He created the webcomic Super-Enigmatix in 2014, which followed the investigation of a sinister super-criminal, followed by The Bloody Cardinal, published in print form by Fantagraphics in 2017. His last Tumblr post on 29th April this year marked the beginning of a new serialised webcomic, Carlotta Havoc Versus Everybody.

Read the downthetubes tribute here

Read a tribute on A Dispensable List of Comic Book Lists


Kelly Asbury – American Author, Director, Voice Actor
Born 15th January 1960, died 26th June 2020

Kelly Asbury, who worked on such films as Toy Story and Shrek 2, died at the age of 60 after a long battle with cancer.

Screenwriter, voice actor, and published children’s book author/illustrator, and non-fiction author, Asbury was best known for directing animated films, including Shrek 2, Spirit: Stallion of the Cimarron and Gnomeo & Juliet. has an obituary here

Denny O'Neill at the 2009 Brooklyn Book Festival. Photo by Luigi Novi
Denny O’Neill at the 2009 Brooklyn Book Festival. Photo by Luigi Novi

Dennis “Denny” O’Neil – American Comics Writer and editor
Born 3rd May 1939, died 11th June 2020

O’Neill worked principally for Marvel Comics and DC Comics from the 1960s through the 1990s, and was Group Editor for DC Comics Batman family of titles until his retirement.

His best-known works include Green Lantern/Green Arrow and Batman with Neal Adams, co-creating the Batman villains Ra’s al Ghul and Talia al Ghul. His other notable work includes runs on The Shadow with Michael Kaluta and The Question with Denys Cowan. He also sat on the board of directors of the charity The Hero Initiative and served on its Disbursement Committee.

Read the downthetubes tribute here

Read a tribute on A Dispensable List of Comic Book Lists

Joel Schumacher – American Director, screenwriter, and producer
Born 29th August 1939, died 22nd June 2020

Schumacher was active from the 1970s to the 2010s, breaking into show business as a costumer designer in the early 1970s. His first theatrically released film was 1981’s The Incredible Shrinking Woman, which met with a lukewarm response, but he would go on to prominence after directing St. Elmo’s Fire and The Lost Boys. He was selected to replace Tim Burton as director of the Batman franchise and oversaw Batman Forever and Batman & Robin. Later, he directed smaller-budgeted films, including Tigerland and Phone Booth, and The Phantom of the Opera, released to mixed-to-negative reviews in 2004. His final directorial work was for two episodes of House of Cards. has an obituary here

Read a tribute on A Dispensable List of Comic Book Lists

Pencil and ink self portrait by Joe Sinnott
Pencil and ink self portrait by Joe Sinnott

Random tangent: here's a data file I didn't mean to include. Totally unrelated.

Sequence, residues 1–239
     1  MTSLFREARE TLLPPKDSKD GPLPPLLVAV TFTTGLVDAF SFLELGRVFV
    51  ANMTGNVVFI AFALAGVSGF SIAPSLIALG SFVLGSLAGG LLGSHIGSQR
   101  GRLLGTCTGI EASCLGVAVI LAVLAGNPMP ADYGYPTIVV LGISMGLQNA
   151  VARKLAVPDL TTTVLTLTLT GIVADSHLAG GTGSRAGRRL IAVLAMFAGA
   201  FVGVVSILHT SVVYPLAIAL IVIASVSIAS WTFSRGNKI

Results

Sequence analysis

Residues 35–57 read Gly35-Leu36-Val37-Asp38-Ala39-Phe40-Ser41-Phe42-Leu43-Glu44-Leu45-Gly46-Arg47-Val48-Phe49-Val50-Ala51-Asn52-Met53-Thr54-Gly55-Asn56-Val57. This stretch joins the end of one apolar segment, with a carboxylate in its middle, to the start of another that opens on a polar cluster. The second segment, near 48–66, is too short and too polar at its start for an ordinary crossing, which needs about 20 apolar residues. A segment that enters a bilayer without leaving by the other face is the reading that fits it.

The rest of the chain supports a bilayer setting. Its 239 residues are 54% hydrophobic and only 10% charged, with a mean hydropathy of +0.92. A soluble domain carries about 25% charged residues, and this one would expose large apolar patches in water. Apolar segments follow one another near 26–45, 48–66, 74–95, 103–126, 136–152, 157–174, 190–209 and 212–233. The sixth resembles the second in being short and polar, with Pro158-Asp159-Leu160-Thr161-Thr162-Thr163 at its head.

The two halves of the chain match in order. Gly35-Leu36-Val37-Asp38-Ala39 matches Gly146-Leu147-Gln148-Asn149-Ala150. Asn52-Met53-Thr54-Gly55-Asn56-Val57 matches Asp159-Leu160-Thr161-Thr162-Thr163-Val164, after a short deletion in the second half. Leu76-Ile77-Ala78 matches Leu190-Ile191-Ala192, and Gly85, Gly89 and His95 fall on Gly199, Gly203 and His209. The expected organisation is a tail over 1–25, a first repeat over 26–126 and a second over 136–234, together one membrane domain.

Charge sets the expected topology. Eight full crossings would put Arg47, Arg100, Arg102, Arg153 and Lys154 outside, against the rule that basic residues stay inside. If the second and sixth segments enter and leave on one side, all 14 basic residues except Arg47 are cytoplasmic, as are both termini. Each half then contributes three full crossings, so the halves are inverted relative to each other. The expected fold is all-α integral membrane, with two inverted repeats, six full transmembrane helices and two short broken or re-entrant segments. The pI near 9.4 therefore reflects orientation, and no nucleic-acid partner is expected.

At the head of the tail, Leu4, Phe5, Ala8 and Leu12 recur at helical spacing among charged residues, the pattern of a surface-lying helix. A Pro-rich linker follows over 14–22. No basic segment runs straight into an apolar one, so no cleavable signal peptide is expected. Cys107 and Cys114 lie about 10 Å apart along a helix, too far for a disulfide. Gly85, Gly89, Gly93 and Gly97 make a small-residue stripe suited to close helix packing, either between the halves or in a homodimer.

Joe Sinnott – American Comic Artist
Born 16th October 1926, died 25th June 2020

Working primarily as an inker, Sinnott is perhaps best known for his long stint on Marvel Comics’ Fantastic Four, from 1965 to 1981 (and briefly in the late 1980s), initially over the pencils of Jack Kirby. During his 60 years as a Marvel freelance artist and then salaried artist working from home, Sinnott inked virtually every major title, with notable runs on The Avengers, The Defenders and Thor.

Read our tribute here

Read a tribute on A Dispensable List of Comic Book Lists

Milton Glaser – American Graphic Designer
Born 26th June 1929, died 26th June 2020

Glaser’s designs include the I Love New York logo, the psychedelic Bob Dylan poster, and the logos for DC Comics, Stony Brook University, and Brooklyn Brewery. In 1954, he also co-founded Push Pin Studios, and co-founded New York magazine with Clay Felker,

Read a tribute on A Dispensable List of Comic Book Lists

John Jackson (left) at work on pages of the relaunched Eagle in 1982 with fellow staffer Paul Bensberg. Image from the 1983 Eagle annual
John Jackson (left) at work on pages of the relaunched Eagle in 1982 with fellow staffer Paul Bensberg. Image from the 1983 Eagle annual

John Jackson – British Comics Editor
Died late June 2020

Fleetway art staffer John Jackson, one of the team behind the relaunch of Eagle in 1982, died towards the end of June, after a long illness.

John was part of the art department on EagleGirl and Boys’ World in the 1960s, later working on Roy of the Rovers and the relaunched Eagle in the 1980s.

“He was an art man on my titles and came to us from a senior position in another group, which I think was the educational group of titles,” former Fleetway Group Editor Barrie Tomlinson told downthetubes. “He worked on Roy of the Rovers and the new Eagle.

Read a tribute on downthetubes

View our tribute to creatives who passed between July – December 2020 here

Categories: Creating Comics, downthetubes Comics News, downthetubes News, Features, Obituaries